5 Things Not to Do to an Employee on Vacation
American’s are taking less vacation than ever. A recent study indicated that 40% of workers allow paid vacation days to go unused, often the result of employers subtly (or not so subtly) condemning time off and fostering a workaholic culture. Yet, this is counterproductive and even detrimental. Employees who take vacations are more productive and fulfilled at their jobs than those who don’t. Valuing breaks starts at the top. Don’t fall into these all-too-common situations:
Discourage them from taking it. This can be anything from joking comments about them being a slacker to having such heavy workloads that employees feel unable to escape.
Give them assignments to work on. A vacation doesn’t mean a remote office. Assuming your staff will use the time away to accomplish tasks misses the entire purpose of the trip.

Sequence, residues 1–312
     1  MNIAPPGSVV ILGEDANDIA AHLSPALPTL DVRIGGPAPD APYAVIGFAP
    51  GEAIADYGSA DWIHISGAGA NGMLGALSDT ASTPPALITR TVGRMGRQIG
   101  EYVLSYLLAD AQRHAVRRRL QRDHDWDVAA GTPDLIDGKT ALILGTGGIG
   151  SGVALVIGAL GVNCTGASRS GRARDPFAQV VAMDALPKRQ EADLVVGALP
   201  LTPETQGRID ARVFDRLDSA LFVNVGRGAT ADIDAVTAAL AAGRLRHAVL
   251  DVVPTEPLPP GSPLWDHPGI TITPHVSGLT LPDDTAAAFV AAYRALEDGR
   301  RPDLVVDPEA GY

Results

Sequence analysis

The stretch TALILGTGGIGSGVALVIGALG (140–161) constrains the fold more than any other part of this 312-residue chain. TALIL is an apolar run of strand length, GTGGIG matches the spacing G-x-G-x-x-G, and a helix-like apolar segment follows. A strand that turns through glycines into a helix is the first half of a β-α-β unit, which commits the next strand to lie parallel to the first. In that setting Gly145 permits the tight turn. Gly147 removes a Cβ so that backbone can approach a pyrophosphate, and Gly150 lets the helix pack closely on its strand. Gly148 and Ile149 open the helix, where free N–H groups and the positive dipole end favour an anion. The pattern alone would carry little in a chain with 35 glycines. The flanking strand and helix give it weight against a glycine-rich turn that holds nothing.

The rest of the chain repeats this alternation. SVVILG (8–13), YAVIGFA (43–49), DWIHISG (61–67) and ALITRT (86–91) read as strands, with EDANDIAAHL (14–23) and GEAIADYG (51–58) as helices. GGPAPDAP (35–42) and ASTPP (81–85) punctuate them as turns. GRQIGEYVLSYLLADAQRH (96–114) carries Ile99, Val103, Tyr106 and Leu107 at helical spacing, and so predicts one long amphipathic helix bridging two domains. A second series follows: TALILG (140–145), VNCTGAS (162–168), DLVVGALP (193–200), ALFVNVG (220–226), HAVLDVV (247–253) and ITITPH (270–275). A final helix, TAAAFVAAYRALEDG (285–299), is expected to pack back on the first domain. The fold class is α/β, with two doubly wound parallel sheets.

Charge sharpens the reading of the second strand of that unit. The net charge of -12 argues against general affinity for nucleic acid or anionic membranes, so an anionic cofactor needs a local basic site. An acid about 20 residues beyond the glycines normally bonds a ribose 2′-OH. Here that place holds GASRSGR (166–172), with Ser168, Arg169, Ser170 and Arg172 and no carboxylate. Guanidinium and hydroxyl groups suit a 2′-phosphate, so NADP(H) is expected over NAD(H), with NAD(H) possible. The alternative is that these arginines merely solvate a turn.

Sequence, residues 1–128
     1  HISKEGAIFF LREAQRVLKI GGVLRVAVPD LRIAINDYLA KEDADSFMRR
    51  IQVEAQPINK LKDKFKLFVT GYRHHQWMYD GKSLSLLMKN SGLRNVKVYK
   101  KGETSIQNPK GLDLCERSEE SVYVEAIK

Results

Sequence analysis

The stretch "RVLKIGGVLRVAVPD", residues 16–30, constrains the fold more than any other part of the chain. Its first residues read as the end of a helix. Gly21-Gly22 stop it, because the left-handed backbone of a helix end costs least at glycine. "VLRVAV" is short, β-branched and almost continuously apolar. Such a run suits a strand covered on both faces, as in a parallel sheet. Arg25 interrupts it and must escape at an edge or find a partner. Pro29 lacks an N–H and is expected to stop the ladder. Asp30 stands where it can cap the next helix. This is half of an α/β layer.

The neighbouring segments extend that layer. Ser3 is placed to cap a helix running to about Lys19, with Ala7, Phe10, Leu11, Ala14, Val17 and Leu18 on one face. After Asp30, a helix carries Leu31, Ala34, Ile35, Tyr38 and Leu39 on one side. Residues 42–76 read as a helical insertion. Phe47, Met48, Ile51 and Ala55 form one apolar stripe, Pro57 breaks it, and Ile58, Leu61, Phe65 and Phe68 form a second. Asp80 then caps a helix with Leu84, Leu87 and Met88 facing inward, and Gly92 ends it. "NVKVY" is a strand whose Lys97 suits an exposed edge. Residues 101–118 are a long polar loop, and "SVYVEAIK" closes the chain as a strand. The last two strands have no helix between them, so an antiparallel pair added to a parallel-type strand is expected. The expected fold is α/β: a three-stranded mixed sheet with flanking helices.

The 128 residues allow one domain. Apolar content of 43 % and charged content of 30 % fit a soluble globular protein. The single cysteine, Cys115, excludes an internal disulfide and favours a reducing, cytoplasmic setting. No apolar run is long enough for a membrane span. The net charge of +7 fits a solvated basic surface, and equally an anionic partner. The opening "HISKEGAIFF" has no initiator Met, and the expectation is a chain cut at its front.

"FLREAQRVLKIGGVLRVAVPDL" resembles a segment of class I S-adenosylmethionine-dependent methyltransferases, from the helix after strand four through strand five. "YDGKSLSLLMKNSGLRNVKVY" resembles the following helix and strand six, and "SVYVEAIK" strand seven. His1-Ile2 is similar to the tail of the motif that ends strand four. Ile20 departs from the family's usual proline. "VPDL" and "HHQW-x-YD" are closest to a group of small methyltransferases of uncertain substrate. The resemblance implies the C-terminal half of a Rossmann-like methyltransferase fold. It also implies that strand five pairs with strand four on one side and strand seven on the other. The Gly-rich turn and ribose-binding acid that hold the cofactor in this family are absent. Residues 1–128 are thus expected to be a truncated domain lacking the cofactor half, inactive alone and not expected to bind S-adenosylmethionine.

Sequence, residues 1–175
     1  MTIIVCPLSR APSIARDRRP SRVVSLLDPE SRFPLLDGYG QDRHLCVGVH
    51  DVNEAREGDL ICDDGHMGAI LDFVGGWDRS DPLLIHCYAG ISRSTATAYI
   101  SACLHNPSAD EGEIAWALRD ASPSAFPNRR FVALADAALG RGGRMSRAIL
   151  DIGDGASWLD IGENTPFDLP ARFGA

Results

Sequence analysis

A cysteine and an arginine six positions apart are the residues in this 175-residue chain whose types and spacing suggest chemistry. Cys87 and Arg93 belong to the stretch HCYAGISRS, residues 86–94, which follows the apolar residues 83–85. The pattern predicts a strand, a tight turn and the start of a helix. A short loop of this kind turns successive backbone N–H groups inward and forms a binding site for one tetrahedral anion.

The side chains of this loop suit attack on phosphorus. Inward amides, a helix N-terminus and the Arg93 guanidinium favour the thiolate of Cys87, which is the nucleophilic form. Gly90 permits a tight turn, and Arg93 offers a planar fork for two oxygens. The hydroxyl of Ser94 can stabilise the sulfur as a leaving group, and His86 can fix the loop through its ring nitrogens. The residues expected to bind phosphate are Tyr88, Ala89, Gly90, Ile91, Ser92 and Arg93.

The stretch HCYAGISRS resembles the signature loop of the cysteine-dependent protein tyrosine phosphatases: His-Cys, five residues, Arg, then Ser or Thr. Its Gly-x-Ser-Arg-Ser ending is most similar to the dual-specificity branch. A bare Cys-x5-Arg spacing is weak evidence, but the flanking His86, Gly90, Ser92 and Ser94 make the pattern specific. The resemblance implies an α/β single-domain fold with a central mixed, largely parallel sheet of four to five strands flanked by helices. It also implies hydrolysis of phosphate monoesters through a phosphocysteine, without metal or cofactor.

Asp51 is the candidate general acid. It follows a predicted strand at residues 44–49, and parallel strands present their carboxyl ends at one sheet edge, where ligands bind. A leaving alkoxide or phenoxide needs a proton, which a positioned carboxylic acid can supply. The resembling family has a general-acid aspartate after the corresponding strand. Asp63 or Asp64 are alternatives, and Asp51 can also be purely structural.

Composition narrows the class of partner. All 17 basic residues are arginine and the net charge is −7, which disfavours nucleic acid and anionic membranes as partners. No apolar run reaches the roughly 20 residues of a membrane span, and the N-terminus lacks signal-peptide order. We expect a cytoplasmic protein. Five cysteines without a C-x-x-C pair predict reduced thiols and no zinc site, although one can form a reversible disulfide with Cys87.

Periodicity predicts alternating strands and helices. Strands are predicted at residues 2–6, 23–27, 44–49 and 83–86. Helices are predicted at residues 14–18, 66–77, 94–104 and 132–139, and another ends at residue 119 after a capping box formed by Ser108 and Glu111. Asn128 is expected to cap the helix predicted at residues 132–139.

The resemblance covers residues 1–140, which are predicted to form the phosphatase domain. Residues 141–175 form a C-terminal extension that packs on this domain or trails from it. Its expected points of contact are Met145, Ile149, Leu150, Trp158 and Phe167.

Call them while away. Emergencies do come up, but proper planning can help circumvent the need to bother your staff unnecessarily. Ask the employee to create a synopsis of current projects, including alternate contacts and schedule a meeting to go over it prior to their departure.
Fill their inbox while they are gone. A great way to immediately spike the stress levels that vacation abated is by coming back to a burgeoning inbox. Instead, start a document with items you’ll need to go over with them. This allows you to fill it out as things come up and organize it so it will be easier to get the big picture and specifics. Have a meeting once they are back to go over the list.
Forget to ask about their trip. Central to fostering a culture that supports vacations is your reaction. Rather than being stressed or resentful upon their return, take time to genuinely express you are glad they got a chance to recharge.
With a little forethought, your employees will come back from vacation refreshed and invigorated. It may even convince you it’s time you took one yourself!